Papaver somniferum  

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Kunstformen der Natur (1904) by Ernst Haeckel
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Kunstformen der Natur (1904) by Ernst Haeckel

The Opium Poppy, Papaver somniferum, is the type of poppy from which opium and many refined opiates, including morphine, thebaine, codeine, papaverine, and noscapine, are extracted. The binomial name means, loosely, the "sleep-bringing poppy", referring to its narcotic properties. The seeds are important food items, and contain healthy oils used worldwide in the culinary arts. The plant itself is valuable for ornamental purposes, and has been known as the "common garden poppy". It is widely grown in ornamental gardens throughout Europe, North America, South America, and Asia.

Popular culture

Recently a feature film entitled, "The Opium Eater" was released exploring the life of Eric Detzer and how he would go about acquiring opium poppies from flower shops and gardens in the Pacific Northwest (north of Seattle) to feed his addiction. This is a true story based on an autobiography, "Poppies: Odyssey of an Opium Eater" written by Detzer starring David Bertelsen. Since the festival release of this film in Breckenridge, CO, eBay has stopped allowing the sale of opium poppy pods on their auction site. This may also be attributed to the death of a Colorado teen who overdosed on opium tea around the same time.

What may be the most well known literary use of the poppy occurs both in L. Frank Baum's The Wonderful Wizard of Oz and in MGM's classic 1939 film based on the novel.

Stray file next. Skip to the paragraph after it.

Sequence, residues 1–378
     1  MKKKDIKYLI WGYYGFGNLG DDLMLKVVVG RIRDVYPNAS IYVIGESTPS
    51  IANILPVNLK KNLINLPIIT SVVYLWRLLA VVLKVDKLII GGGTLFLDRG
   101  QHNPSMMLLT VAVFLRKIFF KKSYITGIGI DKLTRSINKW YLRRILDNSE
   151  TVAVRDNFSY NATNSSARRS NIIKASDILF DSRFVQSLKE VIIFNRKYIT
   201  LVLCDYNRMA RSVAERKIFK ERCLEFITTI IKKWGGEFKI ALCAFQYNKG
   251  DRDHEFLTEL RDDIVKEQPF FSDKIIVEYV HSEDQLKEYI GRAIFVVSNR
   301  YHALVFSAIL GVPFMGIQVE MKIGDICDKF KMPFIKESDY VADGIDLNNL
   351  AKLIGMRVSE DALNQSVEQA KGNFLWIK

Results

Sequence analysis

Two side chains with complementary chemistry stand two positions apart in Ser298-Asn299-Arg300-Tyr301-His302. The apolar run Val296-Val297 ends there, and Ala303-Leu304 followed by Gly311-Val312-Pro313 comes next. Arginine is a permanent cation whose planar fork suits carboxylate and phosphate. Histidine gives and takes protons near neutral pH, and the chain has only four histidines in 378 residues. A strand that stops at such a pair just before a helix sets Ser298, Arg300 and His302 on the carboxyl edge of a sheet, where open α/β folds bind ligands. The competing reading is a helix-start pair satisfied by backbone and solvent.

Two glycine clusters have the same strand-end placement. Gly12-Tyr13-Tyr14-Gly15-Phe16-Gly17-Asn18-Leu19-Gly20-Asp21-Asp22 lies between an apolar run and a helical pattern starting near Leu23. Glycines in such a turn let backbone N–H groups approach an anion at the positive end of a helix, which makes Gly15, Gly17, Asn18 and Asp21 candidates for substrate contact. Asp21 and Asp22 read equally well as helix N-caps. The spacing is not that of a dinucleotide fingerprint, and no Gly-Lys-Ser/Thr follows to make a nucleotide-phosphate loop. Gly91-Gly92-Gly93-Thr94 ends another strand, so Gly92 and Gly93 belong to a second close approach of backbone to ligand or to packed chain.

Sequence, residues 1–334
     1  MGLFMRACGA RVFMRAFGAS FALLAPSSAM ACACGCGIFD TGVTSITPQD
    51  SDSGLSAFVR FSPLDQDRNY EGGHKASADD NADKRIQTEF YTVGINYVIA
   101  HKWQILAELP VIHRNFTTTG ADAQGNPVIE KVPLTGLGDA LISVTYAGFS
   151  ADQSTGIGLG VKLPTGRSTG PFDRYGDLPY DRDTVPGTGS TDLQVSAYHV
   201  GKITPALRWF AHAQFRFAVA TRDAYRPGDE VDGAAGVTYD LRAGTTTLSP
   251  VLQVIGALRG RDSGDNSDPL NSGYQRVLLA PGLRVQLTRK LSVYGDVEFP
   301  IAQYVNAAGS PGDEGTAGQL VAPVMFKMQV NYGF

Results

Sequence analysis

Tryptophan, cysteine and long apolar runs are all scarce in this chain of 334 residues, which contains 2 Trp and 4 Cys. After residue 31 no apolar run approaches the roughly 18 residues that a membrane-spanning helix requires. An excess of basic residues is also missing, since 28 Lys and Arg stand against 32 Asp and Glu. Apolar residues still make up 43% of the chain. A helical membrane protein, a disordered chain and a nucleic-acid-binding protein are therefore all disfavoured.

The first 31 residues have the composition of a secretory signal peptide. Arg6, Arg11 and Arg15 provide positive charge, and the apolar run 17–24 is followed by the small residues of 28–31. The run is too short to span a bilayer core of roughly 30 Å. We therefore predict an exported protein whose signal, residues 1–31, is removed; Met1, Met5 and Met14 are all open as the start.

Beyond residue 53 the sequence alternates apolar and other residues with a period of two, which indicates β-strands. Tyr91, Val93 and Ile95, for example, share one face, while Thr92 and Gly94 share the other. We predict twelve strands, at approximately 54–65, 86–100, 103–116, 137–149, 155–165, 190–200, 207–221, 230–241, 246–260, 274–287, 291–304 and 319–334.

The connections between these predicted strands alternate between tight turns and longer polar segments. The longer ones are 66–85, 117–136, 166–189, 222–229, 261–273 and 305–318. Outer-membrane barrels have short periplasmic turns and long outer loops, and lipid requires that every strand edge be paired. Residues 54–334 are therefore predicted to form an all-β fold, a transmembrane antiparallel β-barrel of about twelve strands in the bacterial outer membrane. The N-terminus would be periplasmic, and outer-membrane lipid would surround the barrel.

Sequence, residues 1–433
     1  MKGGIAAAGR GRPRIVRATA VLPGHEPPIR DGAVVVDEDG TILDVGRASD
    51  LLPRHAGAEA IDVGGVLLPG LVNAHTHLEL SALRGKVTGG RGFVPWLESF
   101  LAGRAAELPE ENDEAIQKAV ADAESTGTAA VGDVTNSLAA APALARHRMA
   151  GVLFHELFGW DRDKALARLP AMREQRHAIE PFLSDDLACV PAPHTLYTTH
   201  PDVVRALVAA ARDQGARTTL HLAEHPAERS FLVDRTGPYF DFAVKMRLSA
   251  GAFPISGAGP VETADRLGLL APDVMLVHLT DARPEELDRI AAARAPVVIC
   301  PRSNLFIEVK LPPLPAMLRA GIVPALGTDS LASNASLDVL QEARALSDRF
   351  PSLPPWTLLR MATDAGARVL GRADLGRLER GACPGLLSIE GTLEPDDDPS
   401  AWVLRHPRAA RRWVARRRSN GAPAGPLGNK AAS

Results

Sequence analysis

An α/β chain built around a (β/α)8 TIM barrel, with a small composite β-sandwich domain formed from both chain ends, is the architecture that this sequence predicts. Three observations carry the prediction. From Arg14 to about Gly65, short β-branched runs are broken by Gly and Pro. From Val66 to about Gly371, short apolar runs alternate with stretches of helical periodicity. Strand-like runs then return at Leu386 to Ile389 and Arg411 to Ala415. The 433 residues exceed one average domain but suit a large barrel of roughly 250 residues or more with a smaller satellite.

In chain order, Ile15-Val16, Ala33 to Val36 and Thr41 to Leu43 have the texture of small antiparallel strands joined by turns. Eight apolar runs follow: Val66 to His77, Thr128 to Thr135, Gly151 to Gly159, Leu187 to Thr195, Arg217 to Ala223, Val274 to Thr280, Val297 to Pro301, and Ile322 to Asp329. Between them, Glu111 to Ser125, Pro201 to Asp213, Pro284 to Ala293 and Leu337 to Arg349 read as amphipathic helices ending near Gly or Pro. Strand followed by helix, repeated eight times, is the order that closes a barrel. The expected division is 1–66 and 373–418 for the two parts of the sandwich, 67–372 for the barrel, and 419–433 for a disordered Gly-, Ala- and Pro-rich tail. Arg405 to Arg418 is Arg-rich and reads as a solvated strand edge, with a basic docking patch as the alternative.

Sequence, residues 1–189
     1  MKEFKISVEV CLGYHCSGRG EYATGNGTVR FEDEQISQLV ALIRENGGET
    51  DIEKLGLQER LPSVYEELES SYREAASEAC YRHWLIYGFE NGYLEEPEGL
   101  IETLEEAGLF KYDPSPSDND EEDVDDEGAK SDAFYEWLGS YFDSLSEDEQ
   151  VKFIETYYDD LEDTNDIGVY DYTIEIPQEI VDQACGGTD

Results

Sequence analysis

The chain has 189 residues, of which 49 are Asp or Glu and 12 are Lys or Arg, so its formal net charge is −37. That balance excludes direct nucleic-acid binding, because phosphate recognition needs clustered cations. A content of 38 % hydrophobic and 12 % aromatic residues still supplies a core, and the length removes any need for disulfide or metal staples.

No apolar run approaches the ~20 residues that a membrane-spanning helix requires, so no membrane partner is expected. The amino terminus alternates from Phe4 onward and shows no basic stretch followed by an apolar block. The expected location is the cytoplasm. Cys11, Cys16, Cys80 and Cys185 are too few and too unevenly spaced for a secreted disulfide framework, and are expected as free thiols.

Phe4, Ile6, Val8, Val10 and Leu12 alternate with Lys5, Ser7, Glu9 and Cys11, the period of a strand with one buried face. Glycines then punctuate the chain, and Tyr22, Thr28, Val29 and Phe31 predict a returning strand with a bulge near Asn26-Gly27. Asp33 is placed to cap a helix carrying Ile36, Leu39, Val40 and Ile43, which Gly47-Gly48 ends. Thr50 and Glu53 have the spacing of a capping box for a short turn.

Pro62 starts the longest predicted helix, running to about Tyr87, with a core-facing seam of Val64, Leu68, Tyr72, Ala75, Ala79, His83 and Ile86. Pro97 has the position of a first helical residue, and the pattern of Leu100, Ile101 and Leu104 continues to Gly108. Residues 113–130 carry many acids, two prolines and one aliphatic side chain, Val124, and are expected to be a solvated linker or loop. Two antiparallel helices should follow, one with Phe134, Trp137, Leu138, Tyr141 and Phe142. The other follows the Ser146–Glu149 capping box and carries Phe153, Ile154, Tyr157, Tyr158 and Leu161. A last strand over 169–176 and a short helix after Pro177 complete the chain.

In the novel, while on their way to the Emerald City, Dorothy, the Scarecrow, the Tin Man, and the Cowardly Lion walk through a field of poppies, and both Dorothy and the Lion mysteriously fall asleep. The Scarecrow and the Tin Man, not being made of flesh and blood, are unaffected. They carry Dorothy to safety and place her on the ground beyond the poppy field. While they are considering how to help the Lion, a field mouse runs in front of them, fleeing a cougar. The Tin Man beheads the cougar with his axe, and the field mouse pledges her eternal gratitude. Being the Queen of the Field Mice, she gathers all her subjects together. The Tin Man cuts down several trees, and builds a wagon. The Lion is pushed onto it, and the mice pull the wagon safely out of the poppy field.

In the 1939 film, the sequence is considerably altered. The poppy field is conjured up by the Wicked Witch of the West, and it appears directly in front of the Emerald City, preventing the four travelers from reaching it. As in the novel, Dorothy and the Cowardly Lion fall asleep, but in a direct reversal of the book, the Scarecrow and the Tin Man are unable to carry Dorothy. Glinda, who has been watching over them, conjures up a snowfall which kills the poppies' narcotic power and enables Dorothy and the Lion to awaken. Unfortunately, the Tin Man has been weeping in despair, and the combination of his tears and the wet snow has caused him to rust. After he is oiled by Dorothy, the four skip happily toward the Emerald City.

In Baum's other Oz books, Oz's ruler, Princess Ozma, is often shown wearing poppies in her hair as decoration.




Unless indicated otherwise, the text in this article is either based on Wikipedia article "Papaver somniferum" or another language Wikipedia page thereof used under the terms of the GNU Free Documentation License; or on original research by Jahsonic and friends. See Art and Popular Culture's copyright notice.

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